The Cook, the thief, his wife and her lover
Those of you who remember this legendary film may be wondering just what bit of it resembled our chic cooking event…but bear with me. The movie is about an eccentric banquet in a London restaurant over the (was it 3 or 4?) course of which our blonde heroine (played, unforgettably, by the iconic Helen Mirren) morphs from submissive wife to daring lover (and yes she probably did take her clothes off.) Peter Greenaway’s film is a sumptuous display of artistic genius: he uses a different colour scheme for each locale – red for the dining room, white for the bathrooms – with the characters’ costumes changing colour as they move from one to the other.
If we were to make a movie of our Cooking up a Storm event it would star another iconic blond – gorgeous and eccentric Diana Horsford. She’s even more creative than a Peter Greenaway film and certainly the menu we cooked was a feast for the eyes.
We all piled into the warm haven of the Avenue cookery school in Putney and were welcomed with a delicious glass of Crémant de Limoux Cuvée from the place in the Languedoc that invented sparkling wine – before Champagne – and gave us the word limousine. What a treat to have ex-Christies head of wine Christopher Burr as our wine expert for the night. Diana lined us up to watch her neatly assemble Thai salmon parcels, aided by handsome and eligible Tom (see pics). Next up was a gentle folding together of lemon possets and a ridiculously simple assembling of lavender biscuits direct to freezoir. Christopher dispensed with a glass or two of Macon Villages meant for the wine tasting; couldn’t have us lot being thirsty…
Divided into groups, we all got to work, chopping and assembling our creations as directed ,with a general enthusiasm that belied the fact that some of us had yet to progress past egg boiling. All went swimmingly and by 9pm we were ready to get stuck into our appetising creations. Christopher took us through a tasting which included discussing the differences between two chardonnays: the aristocratically titled Domaine Mallory et Benjamin Talmard Macon-Villages and an earthier-sounding Heggies Eden Valley from Australia. Some of us were clearly not afraid of voicing our opinions, which proved to be sharply divided. En garde!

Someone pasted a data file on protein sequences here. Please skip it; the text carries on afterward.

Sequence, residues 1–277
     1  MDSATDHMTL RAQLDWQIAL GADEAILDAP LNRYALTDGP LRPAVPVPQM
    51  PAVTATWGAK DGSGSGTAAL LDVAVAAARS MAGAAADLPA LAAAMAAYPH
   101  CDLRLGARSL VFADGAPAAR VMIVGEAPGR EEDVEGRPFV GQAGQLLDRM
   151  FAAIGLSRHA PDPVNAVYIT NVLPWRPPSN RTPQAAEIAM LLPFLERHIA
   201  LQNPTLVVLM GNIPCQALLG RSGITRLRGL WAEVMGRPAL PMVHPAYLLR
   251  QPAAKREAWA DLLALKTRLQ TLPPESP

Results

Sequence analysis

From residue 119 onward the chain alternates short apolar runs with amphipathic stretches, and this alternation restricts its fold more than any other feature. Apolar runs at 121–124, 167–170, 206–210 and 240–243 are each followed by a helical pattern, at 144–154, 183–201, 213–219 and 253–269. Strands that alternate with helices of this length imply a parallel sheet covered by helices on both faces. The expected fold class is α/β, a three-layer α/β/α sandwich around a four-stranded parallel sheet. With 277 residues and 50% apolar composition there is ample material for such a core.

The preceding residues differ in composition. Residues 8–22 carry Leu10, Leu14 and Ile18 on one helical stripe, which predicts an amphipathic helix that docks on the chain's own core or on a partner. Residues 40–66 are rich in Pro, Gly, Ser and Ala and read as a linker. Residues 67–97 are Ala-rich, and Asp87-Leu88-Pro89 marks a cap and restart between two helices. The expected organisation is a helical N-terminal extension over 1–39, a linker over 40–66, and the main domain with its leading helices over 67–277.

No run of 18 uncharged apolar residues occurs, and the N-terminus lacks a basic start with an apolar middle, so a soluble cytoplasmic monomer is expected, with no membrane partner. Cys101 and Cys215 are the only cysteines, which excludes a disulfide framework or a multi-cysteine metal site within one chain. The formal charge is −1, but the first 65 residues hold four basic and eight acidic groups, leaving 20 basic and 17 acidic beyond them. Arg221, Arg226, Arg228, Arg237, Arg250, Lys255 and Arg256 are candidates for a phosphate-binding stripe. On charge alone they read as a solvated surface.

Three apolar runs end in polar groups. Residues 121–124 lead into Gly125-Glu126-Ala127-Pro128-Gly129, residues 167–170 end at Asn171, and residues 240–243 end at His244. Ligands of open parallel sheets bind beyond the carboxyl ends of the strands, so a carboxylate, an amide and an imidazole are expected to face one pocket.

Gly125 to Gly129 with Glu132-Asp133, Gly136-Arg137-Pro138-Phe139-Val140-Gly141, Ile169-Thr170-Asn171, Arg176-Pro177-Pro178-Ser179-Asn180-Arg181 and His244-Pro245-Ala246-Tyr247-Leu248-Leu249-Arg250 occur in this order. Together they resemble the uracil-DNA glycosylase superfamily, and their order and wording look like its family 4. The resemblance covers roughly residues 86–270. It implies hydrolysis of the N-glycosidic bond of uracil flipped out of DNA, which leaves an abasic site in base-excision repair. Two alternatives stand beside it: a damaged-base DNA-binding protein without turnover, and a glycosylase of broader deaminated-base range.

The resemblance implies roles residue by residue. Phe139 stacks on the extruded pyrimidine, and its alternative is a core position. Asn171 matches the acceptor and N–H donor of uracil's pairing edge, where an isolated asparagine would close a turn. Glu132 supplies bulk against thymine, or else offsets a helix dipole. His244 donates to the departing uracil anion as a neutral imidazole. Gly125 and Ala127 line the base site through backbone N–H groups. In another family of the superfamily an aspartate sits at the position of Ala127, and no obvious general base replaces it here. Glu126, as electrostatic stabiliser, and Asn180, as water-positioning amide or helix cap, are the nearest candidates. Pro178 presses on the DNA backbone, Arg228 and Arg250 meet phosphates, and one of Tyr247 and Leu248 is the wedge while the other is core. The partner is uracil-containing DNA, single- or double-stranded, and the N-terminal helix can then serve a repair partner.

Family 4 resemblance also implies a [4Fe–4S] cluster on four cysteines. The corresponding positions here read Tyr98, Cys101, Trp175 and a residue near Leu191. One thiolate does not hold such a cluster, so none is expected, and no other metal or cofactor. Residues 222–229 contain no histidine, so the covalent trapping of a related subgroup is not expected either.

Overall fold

Our utterly wonderful Thai salmon parcels on a colourful bed of stir fried vegetables tasted as divine as they looked, notwithstanding the fact that I could see my chunky disorderly vegetables protruding from my surveyor friend’s precision-engineered ones – sorry Diana my chopping skills need work! Christopher’s pairing of this course with an amazing Gewurztraminer Tradition Cave de Turckheim exemplified his genius.
With dessert on its way he then played a game with us – a blind tasting where we had to answer the following questions: a) Warm or cool climate? b) Very young wine, or matured? c) One varietal or more (simple or complex)? d) Use of oak? e) Where and what? Our candidate for consideration proved to be a delicious Rioja Muga, which none of us got spot on, but we got close, very close. I wonder if I might be allowed on your Wotwine? app tasting team Christopher? I do have a lot of experience…
We downed the lemon posset and lavender biscuits with an elegant Moscato d’Asti, which I always love to drink at the end of a meal – being only 5% ABV it’s almost like drinking water…truly! Then it was time to say good bye to our wonderful hosts. Christopher, the perfect yin to Diana’s creative yang. We hope you’ll have us back again.
A word to the wise: if any of you have children home over the Easter holidays, Diana runs wonderful classes for those going off to university or for a chalet season. Having your own well trained kitchen ‘slaves’ has to be a worthwhile investment.